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  1. Shanghai weekend

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  2. RFID: The Rise of the Intelligent Product

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    I might be classed as the typical male when it comes to shopping, a focused ‘mission-based’ shopper, only responding to a stimulus that aids my goal to buy that thing I came for. I’m a retail designer. I enjoy looking at shops, designing shops and talking about shops, but the tussle and elbowing of a frantic store on a Saturday afternoon is not my idea of fun.

    Often the internet is the answer, but when I’m only looking to replace that simple pair of jeans with a pair exactly the same, walking into a shop should be simple. My key problem occurs when I find the part of the shop that purports to have that pair of jeans I’m after, but I can’t find my size. There are no staff around to ask, the merchandising is tired and it’s late in the day, so the neatly displayed product has already been re-ordered numerous times by other customers. I cannot find the size I’m after so I walk away, unrewarded for my efforts, possibly never to come back.

    This is a problem that has largely been ignored, with many sales lost at this most crucial stage. Better segmentation and signage always helps, but that can be too complex and difficult for many retailers to manage and maintain. In fact, the solution is already being used by most retailers, but behind the scenes in warehouses, rather on the shop floor. Radio-frequency identification. RFID – four simple letters, but a whole world of possibilities.

    Brazilian brand Memove’s RFID stock tracking technology addresses this very issue, with tags stitched into their clothing to monitor items from manufacturing to the moment the customer walks out of the shop. Keeping track of the stock supply chain is made much simpler through the use of technology – Memove provides a fine example. (Source: Forbes)

    Let me go back to my simple denim problem, I’m standing looking at a pile of jeans, I’m ready to buy, but not sure if I can wade through the product – last time I did that my pair wasn’t there. With an RFID tag in each product, and an intelligent digital display showing the availability of the sizes and styles, I can look with a degree of certainty that what I want is there. I’m happy and the shop has a sale, a win-win.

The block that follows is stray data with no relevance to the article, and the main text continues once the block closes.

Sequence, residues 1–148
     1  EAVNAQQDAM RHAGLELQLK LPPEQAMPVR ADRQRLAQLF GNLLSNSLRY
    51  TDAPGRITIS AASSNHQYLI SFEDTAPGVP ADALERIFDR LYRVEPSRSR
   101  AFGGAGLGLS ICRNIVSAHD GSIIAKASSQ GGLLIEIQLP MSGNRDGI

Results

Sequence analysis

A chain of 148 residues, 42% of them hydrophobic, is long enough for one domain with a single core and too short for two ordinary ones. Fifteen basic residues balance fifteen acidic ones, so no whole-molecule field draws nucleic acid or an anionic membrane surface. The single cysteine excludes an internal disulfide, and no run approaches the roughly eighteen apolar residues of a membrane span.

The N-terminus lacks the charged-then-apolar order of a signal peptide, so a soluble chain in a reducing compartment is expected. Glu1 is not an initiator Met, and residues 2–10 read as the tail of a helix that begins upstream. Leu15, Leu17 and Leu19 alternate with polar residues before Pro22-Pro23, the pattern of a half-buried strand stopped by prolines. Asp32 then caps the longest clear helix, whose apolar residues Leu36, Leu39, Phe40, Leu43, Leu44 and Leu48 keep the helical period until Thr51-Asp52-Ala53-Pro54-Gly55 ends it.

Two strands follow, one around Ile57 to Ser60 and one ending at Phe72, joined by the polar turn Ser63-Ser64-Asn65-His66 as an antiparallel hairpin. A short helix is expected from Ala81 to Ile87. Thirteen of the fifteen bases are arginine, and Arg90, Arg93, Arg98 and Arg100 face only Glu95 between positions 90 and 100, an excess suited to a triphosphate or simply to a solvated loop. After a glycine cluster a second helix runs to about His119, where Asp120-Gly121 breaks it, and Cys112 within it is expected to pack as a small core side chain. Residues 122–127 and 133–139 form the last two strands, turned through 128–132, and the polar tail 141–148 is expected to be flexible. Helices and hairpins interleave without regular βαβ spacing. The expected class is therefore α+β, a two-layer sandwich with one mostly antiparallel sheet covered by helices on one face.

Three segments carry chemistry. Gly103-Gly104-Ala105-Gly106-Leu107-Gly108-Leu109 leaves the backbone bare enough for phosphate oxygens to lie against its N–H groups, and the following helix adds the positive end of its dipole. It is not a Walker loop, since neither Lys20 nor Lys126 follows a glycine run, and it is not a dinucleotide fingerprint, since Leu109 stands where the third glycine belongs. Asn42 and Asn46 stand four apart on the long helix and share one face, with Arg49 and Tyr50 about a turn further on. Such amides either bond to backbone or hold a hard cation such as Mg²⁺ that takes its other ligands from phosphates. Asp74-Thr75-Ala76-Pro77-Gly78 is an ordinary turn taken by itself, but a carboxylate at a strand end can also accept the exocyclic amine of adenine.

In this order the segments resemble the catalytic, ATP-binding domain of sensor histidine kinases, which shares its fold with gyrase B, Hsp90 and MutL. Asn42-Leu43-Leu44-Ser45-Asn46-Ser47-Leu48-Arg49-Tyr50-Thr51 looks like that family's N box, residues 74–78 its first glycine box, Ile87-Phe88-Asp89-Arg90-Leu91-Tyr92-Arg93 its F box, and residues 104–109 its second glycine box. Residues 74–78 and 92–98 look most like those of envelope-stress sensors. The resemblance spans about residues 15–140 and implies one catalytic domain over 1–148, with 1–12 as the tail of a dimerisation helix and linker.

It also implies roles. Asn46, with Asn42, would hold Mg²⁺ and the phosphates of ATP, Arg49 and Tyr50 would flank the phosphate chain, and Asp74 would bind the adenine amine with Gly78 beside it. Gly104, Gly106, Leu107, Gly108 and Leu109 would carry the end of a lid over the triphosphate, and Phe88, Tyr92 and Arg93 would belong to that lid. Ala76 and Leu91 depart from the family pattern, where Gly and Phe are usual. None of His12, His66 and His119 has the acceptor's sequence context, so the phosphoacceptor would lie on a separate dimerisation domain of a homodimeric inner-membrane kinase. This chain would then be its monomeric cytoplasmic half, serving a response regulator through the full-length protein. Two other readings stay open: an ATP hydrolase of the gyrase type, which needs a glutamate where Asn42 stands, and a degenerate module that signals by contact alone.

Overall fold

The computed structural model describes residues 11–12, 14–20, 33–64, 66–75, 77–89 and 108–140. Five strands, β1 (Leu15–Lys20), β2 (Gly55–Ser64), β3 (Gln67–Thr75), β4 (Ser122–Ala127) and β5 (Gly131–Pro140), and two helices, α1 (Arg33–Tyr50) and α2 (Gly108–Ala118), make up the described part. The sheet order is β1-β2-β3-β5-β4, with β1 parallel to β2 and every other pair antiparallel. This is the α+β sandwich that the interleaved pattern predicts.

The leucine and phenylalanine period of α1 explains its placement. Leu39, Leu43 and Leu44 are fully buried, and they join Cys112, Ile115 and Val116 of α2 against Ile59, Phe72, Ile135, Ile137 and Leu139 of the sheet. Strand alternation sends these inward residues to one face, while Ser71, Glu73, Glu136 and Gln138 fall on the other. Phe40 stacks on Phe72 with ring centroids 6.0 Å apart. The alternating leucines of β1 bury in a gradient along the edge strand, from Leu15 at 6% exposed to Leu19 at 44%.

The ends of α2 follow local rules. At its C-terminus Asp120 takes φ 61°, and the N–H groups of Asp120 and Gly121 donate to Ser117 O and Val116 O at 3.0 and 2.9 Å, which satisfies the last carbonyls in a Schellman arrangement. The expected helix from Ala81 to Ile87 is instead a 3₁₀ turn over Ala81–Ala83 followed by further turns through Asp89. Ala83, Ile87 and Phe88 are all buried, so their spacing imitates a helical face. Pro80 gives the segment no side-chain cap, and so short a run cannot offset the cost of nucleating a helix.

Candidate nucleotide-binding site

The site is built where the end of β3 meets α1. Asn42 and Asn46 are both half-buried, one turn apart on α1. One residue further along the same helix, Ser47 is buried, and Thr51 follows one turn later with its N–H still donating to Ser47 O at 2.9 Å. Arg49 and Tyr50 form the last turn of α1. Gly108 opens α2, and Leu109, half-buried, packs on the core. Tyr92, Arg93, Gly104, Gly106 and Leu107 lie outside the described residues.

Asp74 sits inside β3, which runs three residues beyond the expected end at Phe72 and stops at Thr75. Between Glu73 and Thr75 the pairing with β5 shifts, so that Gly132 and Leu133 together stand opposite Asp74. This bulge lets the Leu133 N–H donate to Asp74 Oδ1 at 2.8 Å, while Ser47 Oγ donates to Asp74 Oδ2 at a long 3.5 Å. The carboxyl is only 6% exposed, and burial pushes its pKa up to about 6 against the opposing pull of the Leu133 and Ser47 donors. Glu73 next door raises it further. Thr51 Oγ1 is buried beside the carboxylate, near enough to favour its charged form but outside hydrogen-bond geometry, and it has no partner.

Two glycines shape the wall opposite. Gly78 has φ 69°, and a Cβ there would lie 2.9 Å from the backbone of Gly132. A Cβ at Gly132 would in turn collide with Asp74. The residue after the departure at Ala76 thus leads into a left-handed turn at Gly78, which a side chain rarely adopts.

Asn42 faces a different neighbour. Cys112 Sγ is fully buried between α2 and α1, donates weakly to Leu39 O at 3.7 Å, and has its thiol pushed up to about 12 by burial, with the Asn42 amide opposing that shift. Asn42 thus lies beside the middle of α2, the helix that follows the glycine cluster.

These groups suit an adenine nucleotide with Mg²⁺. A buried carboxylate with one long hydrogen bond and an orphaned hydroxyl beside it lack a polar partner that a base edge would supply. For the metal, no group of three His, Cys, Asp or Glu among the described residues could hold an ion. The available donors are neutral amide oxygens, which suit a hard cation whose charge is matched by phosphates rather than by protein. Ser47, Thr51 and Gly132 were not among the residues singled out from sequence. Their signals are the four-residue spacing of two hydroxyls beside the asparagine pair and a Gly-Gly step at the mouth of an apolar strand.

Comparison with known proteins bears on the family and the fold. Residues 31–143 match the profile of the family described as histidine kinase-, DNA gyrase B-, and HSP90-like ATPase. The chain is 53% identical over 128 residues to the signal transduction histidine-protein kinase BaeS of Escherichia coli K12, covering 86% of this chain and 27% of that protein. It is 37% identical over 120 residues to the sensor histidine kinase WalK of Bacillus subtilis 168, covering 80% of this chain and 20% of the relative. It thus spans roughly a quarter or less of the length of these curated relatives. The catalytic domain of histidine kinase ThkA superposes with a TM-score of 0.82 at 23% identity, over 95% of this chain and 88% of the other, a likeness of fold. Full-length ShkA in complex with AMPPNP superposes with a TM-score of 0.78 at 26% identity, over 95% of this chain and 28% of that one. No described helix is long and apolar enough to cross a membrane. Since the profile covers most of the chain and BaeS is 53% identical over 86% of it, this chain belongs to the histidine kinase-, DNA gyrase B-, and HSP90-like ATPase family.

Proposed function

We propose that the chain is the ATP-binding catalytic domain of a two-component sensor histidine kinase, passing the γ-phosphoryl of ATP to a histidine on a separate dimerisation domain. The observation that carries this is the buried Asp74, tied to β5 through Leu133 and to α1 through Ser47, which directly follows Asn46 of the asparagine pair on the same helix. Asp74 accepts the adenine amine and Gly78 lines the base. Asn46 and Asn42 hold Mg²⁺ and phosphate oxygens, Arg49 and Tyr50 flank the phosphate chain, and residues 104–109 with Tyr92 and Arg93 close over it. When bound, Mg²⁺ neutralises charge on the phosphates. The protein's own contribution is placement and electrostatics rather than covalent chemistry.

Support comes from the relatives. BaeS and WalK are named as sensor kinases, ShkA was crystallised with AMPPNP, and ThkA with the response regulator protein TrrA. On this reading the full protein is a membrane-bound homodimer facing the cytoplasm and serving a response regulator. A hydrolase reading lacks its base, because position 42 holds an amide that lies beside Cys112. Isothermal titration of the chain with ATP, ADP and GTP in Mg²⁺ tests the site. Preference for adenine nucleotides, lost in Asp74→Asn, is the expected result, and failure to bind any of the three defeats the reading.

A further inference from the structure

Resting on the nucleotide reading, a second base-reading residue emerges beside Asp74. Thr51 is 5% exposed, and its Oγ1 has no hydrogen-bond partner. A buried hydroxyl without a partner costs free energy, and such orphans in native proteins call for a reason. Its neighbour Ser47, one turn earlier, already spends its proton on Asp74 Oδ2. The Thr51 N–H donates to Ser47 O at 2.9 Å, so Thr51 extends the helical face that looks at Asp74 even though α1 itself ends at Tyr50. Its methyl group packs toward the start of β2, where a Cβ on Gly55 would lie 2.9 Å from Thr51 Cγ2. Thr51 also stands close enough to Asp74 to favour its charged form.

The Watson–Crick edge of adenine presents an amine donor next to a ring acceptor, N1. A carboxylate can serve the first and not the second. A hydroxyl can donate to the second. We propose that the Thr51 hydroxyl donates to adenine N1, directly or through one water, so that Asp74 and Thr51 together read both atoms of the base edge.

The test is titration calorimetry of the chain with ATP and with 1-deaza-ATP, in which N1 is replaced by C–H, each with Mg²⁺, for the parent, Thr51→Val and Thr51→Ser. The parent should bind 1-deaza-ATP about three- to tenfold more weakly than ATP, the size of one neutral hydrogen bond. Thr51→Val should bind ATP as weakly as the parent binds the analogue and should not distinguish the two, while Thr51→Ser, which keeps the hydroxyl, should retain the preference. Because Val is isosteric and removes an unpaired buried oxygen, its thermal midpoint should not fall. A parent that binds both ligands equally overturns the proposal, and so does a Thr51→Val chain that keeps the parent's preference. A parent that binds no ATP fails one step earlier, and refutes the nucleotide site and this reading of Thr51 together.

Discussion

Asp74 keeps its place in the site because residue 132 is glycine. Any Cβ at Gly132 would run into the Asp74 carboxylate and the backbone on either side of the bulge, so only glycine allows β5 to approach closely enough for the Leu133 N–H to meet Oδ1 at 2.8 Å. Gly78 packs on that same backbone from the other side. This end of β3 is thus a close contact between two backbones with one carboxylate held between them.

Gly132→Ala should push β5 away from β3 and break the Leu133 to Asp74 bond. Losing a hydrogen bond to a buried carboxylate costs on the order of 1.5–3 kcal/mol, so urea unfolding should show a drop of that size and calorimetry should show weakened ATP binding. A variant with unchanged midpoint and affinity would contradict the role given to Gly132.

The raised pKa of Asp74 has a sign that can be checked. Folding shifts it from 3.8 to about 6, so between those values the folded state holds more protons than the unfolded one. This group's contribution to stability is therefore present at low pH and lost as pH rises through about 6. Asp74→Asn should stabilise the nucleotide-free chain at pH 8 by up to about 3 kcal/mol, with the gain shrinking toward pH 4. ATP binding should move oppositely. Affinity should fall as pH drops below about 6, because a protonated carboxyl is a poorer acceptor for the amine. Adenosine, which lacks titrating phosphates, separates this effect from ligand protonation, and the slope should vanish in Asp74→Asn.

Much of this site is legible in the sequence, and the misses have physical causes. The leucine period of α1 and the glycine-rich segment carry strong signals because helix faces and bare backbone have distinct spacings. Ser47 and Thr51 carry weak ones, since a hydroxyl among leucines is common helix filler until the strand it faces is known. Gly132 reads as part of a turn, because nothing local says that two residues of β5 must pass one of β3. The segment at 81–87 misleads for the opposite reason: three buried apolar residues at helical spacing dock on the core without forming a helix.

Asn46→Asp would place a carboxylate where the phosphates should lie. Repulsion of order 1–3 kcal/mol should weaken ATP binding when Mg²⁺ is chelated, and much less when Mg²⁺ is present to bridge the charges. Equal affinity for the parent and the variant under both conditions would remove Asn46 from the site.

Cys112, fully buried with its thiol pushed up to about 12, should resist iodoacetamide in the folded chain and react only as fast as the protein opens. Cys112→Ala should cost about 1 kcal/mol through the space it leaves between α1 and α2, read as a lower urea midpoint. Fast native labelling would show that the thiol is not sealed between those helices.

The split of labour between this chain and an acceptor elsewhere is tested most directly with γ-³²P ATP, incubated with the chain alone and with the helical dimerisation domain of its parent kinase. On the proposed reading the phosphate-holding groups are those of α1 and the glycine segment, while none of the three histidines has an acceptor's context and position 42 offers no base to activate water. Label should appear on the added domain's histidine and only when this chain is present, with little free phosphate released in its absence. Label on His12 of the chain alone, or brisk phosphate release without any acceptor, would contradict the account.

RFID tags, particularly the passive type, are getting cheaper – between 5-12p dependent on range – but the more they are used the lower the price will drop. Of course it would mean a new commitment to bringing warehouse technologies onto the sales floor, but it’s time the product became as intelligent as the mobiles in customers’ hands. My advice is to adopt RFID now to benefit from the huge potential it brings. And I might finally find that elusive pair of jeans!

     
  3. Clerkenwell Design Week

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    This award-winning festival takes place right on our doorstep, across various venues in EC1. With workshops, presentations, product launches and debates it's always worth popping down, which we did, last week. Here's a handful of photos.

    www.clerkenwelldesignweek.com

     
  4. Ricochet – For anyone who is popping over to Sydney for the weekend!

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    www.byte.frostdesign.com.au

     
  5. Carte Noire Instinct: A Window into Intensity

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    Nice use of digital in a shop window at Westfield.

     
  6. Thoughts on Department Store Futures

    What is a department store? It may seem obvious: a department store offers a multi-brand experience on a large scale, with a variety of services and propositions, usually in a city-centre location with a rich history. We automatically think: Harrods, Galeries Lafayette, Lane Crawford, Macy’s… The list is large, global and impressive; these are department store icons – destinations, global names that resonate internationally.

    Retail is changing: perhaps the internet is supplanting the department store as the ultimate destination for a collection of brands; maybe Amazon is the new department store, the multi-brand offer of the future. Will the traditional department store format become the retail white elephant, a huge slow moving institution with an illustrious past and an uncertain prospect.

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  7. D&P Company Photo Challenge

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    15 teams, 15 categories, 4 central London locations, a bunch of props and a very sunny afternoon, here are the results of the D&P Company Photo Challenge that took place last week. Congratulations to Team Jurassic 7 who came first and won a European day out and well done to all the other teams who got some pretty good photos too.